If I met a pro

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Jun 16, 2009
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The Hitch said:
Waste of breath. Cadel like a lot of others would just give you a - yeah it was good.

Before you go bat **** ACF btw, i think Contador and Samu are just as vague and boring when they open their mouths ;)

As much as i try to succeed at this exercise im more of a talk and listen kind of guy and i see little point in terse chit chat, so i dont know what id ask him, but the guy id probably most like to meet and talk to would be Purito because even in defeat he always seems upbeat and friendly.

Unfortunately the first name that springs to mind when i think of similar characters is Xavier Tondo.
I am not going bat ****. If anything it would be you that goes bat **** if I said anything against Samu or AC! :rolleyes: :p
 
Sep 20, 2011
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Lol, this thread is so dumb. They're just people...I've met various pro's but I surely don't treat them any different to any other human being.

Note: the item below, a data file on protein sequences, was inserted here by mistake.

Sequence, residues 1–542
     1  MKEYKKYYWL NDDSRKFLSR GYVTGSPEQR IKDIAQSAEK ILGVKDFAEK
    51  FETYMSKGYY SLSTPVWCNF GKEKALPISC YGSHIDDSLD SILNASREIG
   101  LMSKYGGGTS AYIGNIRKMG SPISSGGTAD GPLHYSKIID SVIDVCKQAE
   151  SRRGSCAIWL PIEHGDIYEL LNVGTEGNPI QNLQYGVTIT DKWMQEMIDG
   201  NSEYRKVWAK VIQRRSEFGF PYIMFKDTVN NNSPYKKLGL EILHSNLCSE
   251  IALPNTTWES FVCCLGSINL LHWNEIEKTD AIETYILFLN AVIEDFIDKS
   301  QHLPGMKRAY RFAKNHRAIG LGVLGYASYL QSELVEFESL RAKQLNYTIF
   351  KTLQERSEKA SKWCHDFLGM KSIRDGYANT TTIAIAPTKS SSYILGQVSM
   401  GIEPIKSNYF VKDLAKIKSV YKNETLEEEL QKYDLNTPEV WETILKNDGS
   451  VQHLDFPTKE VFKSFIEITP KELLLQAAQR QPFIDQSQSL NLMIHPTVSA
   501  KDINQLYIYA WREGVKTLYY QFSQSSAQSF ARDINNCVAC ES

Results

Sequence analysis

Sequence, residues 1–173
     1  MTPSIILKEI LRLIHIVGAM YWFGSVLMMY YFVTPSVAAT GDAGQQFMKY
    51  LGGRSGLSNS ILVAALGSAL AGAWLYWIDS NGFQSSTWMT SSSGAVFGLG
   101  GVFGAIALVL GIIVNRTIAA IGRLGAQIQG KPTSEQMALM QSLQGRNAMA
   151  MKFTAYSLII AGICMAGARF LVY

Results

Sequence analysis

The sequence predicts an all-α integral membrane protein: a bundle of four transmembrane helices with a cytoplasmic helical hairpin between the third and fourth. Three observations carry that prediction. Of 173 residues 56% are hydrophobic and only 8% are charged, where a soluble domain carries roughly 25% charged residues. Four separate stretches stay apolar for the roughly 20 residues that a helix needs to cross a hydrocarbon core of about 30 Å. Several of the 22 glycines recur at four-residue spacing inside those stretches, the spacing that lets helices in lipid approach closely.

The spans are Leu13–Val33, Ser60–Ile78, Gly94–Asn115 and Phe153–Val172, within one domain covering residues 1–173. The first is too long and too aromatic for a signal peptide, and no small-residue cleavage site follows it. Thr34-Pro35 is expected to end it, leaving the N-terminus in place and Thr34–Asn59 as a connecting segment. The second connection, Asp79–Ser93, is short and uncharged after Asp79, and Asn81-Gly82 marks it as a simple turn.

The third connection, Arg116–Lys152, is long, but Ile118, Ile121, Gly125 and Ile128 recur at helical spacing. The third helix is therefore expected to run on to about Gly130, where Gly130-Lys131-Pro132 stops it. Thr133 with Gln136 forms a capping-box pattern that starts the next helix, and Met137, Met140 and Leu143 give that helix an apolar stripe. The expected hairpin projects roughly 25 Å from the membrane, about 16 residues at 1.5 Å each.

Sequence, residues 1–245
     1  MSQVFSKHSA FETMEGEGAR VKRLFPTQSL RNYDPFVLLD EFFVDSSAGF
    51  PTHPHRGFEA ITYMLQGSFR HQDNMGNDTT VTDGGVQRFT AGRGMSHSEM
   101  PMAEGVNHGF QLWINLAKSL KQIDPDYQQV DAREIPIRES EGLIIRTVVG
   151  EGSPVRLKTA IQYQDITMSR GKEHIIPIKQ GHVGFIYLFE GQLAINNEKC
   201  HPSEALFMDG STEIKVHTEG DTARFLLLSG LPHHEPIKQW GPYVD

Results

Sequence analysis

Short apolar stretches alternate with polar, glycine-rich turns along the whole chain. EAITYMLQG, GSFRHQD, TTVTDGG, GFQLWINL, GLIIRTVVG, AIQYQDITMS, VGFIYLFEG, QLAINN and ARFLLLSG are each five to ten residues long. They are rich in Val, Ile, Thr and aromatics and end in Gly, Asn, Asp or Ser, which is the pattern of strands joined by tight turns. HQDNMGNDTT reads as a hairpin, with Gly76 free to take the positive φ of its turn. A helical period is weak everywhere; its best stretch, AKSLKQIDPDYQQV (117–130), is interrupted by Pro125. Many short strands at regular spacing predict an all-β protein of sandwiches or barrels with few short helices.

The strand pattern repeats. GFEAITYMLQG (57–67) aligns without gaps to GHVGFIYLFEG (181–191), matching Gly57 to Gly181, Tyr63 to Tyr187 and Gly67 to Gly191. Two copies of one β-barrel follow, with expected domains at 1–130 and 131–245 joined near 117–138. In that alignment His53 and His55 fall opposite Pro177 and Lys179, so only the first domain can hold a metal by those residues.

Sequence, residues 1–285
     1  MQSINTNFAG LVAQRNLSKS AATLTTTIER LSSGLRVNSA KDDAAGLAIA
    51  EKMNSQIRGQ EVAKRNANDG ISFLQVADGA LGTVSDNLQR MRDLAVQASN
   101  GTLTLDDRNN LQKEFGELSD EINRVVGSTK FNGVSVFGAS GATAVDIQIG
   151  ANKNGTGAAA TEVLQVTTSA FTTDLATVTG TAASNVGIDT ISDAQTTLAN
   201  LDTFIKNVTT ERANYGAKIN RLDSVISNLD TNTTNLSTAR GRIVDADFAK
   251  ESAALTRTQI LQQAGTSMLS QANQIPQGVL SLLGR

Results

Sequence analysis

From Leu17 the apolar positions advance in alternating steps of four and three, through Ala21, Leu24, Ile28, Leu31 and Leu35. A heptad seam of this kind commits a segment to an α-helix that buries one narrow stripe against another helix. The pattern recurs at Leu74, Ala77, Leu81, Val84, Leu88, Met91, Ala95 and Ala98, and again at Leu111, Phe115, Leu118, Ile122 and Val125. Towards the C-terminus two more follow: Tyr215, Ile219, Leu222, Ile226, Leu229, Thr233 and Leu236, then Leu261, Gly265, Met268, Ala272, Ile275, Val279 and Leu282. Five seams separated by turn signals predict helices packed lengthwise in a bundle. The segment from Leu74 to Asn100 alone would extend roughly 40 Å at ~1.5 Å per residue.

I sorta met Emilia Fahlin once. Here's the post I made about it:

mr. tibbs said:
What a beautiful stage! I rode out early to watch the peloton on a punchy climb in the circuit, and then beat it down to the finish line to catch the sprint.

I was also **face to face with <3 Emilia Fahlin <3** (and two of her cohort) after the team presentation and said: "Congratulations, ladies; you guys ****in' killed it."

Way to go, tibbs. :( fml. I need cyclist stalking lessons from ACF and Florecita. :(
[...]
 
Der Effe said:
Lol, this thread is so dumb. They're just people...I've met various pro's but I surely don't treat them any different to any other human being.
I think we already agreed that there's a huge difference between meeting a pro at a race, where they're partly payed to talk to random people and sign stuff, and when they're just out-and-about.